A four-year-old boy suffers a remarkably rare condition that makes him look like an old man.
Bayezid Hossain, from outside Magura, southern Bangladesh, suffers a swollen face, hollow eyes, sagging skin, aching joints, difficulties passing urine and already has weak and broken teeth.
Children are afraid to play with him even though his intelligence levels are much higher than normal.
His 18-year-old mother, Tripti Khatun, who was only aged 14 when she gave birth to him, is amazed at her son’s mental abilities but is devastated when she sees him looking so unusual.
She said: ‘Bayezid only learned to walk aged three but he had a full set of teeth at three months old. His physical growth is completely abnormal but mentally, he has wonderful conversation, very aware and is very intuitive for his age. He does not look like other children. He looks like an old man. As a first time mother I can’t bear the pain of seeing my child like this.’
When Bayezid was born at a government maternity hospital, in 2012, Tripti and her husband Lovelu Hossain, 22, were devastated but doctors had no idea how to treat him.
‘I was terrified to see him when he was born. He was just flesh and bones.’
After they returned home news of little Bayezid quickly spread around the village with neighbours lining up outside their home to take a look at Bayezid. But there was little support.
People feared being close to him and often gossiped about the couple’s capabilities as parents.
Tripti married Lovelu, who works as a daily wage labourer and earns Rs 5,000 (£50) a month, when she was just 13-years-old. They are first cousins, which is normal practice in rural parts of Bangladesh and southern Asia and now live with Lovelu’s parents, grandfather Hashem Shikdar, 50, and grandmother Ayesha Begum, 40.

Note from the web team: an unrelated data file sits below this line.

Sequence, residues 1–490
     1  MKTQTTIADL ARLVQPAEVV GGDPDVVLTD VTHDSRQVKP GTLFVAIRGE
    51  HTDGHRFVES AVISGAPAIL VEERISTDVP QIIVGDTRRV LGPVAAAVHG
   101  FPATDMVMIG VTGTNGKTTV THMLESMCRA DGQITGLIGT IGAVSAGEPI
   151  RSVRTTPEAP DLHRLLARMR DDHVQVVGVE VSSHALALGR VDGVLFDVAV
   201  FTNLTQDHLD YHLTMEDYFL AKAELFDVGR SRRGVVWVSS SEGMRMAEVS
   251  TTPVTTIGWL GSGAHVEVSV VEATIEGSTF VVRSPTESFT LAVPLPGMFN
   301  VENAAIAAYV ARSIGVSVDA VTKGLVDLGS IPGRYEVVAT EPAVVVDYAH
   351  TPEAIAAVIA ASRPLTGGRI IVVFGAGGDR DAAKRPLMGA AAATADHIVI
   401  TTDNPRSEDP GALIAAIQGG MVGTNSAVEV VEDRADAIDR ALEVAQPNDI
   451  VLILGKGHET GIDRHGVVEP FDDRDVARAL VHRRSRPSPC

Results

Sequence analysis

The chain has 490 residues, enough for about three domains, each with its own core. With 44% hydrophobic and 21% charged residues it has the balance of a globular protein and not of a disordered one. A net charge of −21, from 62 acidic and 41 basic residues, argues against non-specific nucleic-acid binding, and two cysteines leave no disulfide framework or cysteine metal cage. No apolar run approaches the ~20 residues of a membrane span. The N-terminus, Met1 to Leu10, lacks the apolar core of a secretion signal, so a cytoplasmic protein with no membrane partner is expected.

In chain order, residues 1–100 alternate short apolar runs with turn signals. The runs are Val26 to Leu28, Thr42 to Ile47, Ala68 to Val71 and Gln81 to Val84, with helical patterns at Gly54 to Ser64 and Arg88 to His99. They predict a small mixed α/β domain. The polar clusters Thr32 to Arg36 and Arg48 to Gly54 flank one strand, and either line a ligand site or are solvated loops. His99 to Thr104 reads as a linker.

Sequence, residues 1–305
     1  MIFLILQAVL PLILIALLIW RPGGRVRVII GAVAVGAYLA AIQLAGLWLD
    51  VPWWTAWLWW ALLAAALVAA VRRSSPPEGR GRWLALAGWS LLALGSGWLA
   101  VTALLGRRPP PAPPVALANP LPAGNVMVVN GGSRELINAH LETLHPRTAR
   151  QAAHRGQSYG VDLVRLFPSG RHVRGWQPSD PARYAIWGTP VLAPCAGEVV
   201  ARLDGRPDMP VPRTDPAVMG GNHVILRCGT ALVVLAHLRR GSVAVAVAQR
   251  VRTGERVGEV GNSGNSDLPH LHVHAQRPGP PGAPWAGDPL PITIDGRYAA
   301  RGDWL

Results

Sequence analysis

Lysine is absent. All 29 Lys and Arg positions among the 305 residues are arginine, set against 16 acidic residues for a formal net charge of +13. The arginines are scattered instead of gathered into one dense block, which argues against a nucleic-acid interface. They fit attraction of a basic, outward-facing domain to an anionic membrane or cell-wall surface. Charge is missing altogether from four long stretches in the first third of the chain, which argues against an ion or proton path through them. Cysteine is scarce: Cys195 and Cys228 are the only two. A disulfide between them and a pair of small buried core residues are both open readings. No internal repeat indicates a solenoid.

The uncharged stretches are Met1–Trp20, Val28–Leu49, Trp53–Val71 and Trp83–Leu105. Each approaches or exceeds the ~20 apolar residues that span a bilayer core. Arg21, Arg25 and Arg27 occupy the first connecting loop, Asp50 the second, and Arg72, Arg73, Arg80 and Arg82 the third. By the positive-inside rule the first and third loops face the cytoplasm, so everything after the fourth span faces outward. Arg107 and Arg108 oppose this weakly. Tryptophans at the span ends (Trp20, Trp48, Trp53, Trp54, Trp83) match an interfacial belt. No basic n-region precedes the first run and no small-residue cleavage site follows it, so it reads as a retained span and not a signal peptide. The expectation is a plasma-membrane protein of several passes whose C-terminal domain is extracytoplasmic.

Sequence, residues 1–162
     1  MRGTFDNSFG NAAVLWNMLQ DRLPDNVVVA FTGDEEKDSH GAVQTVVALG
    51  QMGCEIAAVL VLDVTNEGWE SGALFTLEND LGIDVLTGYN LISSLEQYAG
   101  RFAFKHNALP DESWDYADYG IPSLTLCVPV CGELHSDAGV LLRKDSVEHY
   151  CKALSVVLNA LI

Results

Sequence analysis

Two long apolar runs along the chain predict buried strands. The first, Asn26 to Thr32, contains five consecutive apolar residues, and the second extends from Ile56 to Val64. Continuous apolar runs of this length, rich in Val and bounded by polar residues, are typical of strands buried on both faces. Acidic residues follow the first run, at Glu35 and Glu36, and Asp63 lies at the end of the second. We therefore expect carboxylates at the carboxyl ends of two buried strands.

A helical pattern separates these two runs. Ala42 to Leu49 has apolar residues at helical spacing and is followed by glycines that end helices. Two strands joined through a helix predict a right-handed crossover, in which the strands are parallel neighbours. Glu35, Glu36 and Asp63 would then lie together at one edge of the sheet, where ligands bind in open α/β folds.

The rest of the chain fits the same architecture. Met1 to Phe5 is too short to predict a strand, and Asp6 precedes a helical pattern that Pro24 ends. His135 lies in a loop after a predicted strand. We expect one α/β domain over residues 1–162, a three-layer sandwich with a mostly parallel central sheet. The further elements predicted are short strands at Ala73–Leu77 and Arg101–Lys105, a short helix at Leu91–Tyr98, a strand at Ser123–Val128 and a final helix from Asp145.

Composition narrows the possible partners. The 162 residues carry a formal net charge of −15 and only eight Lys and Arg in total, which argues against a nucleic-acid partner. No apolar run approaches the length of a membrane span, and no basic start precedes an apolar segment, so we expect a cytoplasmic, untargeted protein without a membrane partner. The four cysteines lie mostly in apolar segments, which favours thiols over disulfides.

As Bayezid grew older both his personality and body developed much faster than other children in his village.
Tripti added: ‘He’s very stubborn and knows what he wants, and he gets very impatient. But he’s playful, his mind is very sharp, and he’s full of conversation.’
As time has passed his neighbours have slowly gotten used to his presence and have now fondly tagged him the ‘old man’.
Bayezid doesn’t go to school but he loves to play with his ball, drawing on paper, and even breaking his toys so he can fix them back up again.
Lovelu said he has already spent approximately Rs 4 Lakh (£4,000) since Bayezid was born on seeing different doctors and healers but nothing has changed for the little boy.
He added: ‘We’ve been to hospitals, shrines, fakirs, shamans— whoever suggested whatever. Yet his situation remains the same and he’s probably getting even worse day by day. My son isn’t a normal baby and it’s tragic for any parent to know that his child will not survive for long.
‘I am proud of him. He is extremely intelligent compared to other children of his age.’
Debashis Bishwas, a consultant from Magura Central Hospital, in Magura, met with Bayezid last month and believes he is suffering from an element of Progeria and Cutis Laxa but fears he may only live for 15 years.
He said: ‘His signs suggest he is suffering from a very difficult disease. The skin of a Progeria patient start getting loosened like an elderly person months after birth. We can only advise the family to get specialized care in a hospital like Dhaka Medical College Hospital or Bangabandhu Sheikh Mujib Medical University in Dhaka, as there’s no treatment here.’
Lovelu understands there may not be a cure for his son’s condition but he fears their poor condition means Bayezid is not getting the best possible chance of survival.
He added: ‘His mother is in uncontrollable tears all the time. It has been four years now and nothing has changed. It is so painful to see that our first child suffers a disease we cannot even treat. We’d like more children but we’re too scared. We feel very helpless. Like every other parent, we want our baby to live a long and healthy life but we feel only a miracle will save us now.’